> manufacturers and retailers.
>
> It has produced criteria for sustainable palm oil production.
>



Pearl
2008-05-11 05:23:00 EST
How to Keep Your Home Clean Naturally
February 26, 2008,
..
The cleaner your home is, the unhealthier it may be, because of toxic
cleaning products made from petroleum-based chemicals.

Many of these commercial cleaning products contain dangerous chemicals
that are not listed on the label. A manufacturer can omit any ingredient that
is considered a secret formula from its label, and many of these secret
ingredients are toxic and carcinogenic.

Beware that many cleaning products are now saying they are "Green" or
"Eco Friendly," and are now on the Green bandwagon. This is called Green
Wash, but make sure you read labels and research all product claims.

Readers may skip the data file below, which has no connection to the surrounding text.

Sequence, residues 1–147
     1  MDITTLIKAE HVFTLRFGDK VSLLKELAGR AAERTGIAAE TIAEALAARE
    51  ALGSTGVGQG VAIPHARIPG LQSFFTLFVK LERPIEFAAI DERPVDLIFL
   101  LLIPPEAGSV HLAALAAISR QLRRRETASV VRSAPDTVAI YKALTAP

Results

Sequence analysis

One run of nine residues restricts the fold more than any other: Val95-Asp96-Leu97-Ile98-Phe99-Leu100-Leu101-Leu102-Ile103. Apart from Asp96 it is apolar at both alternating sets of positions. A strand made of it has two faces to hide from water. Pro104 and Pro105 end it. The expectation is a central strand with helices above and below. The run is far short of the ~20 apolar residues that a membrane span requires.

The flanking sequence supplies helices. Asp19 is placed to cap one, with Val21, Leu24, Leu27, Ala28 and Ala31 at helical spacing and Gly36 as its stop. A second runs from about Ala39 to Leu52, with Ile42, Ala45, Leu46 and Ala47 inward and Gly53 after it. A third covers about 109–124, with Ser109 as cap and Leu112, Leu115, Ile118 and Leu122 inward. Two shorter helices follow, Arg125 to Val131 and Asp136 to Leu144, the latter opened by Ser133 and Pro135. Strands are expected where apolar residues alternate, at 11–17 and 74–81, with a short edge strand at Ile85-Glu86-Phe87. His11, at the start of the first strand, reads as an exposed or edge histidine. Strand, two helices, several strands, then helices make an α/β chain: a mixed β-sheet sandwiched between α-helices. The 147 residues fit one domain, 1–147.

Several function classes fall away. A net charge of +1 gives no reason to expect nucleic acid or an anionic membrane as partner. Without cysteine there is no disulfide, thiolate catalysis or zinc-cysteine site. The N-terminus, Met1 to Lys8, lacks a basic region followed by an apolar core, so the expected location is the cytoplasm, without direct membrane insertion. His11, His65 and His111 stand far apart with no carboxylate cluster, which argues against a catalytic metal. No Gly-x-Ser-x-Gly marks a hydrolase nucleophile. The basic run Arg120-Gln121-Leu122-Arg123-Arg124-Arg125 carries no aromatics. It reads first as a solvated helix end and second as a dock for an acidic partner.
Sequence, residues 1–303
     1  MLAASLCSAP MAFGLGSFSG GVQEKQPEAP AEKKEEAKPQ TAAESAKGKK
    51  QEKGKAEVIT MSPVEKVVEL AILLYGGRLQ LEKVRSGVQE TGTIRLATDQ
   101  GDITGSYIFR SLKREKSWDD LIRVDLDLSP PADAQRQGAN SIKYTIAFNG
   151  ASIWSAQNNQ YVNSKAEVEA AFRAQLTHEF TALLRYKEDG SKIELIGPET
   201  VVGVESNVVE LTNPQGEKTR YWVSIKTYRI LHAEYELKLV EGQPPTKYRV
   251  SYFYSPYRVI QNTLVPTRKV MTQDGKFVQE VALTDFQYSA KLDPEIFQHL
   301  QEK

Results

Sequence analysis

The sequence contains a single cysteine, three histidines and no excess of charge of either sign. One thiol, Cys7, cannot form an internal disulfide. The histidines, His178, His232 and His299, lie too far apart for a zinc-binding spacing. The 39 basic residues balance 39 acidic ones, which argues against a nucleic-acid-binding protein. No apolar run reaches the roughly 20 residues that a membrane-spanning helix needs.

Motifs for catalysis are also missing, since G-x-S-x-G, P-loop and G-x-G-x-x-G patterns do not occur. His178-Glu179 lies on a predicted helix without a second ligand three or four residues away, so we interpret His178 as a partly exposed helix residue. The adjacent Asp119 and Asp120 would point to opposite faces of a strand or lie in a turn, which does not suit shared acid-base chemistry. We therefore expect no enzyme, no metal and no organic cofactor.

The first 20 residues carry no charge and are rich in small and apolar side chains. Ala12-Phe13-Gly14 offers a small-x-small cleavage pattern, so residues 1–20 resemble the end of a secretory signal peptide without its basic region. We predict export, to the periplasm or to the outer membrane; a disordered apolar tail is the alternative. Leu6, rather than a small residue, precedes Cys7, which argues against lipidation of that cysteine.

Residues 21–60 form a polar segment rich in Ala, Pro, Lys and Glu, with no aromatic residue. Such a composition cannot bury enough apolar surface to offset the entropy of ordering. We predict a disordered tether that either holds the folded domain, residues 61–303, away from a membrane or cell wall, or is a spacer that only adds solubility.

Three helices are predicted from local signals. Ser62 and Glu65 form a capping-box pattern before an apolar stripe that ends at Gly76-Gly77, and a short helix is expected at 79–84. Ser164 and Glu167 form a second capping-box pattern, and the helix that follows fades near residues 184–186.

You can reduce your chemical exposure by eliminating chemicals in your
home, and using only natural cleaning products that are plant based.
There are many safe cleaning products like Ecover, Mrs. Meyers, Seventh
Generation, Sun & Earth, and Orange Plus. Even though they are more
expensive, they are more concentrated, and worth it because they are safe.

Another alternative is to make your own natural cleaning products. Using
homemade natural cleaning products makes "cents," because it is cheaper,
healthier and non-toxic, and it is fun.

The 2008 Building Biology Conference: Building the Way Nature Intended

Join the international movement of individuals who are rebuilding the built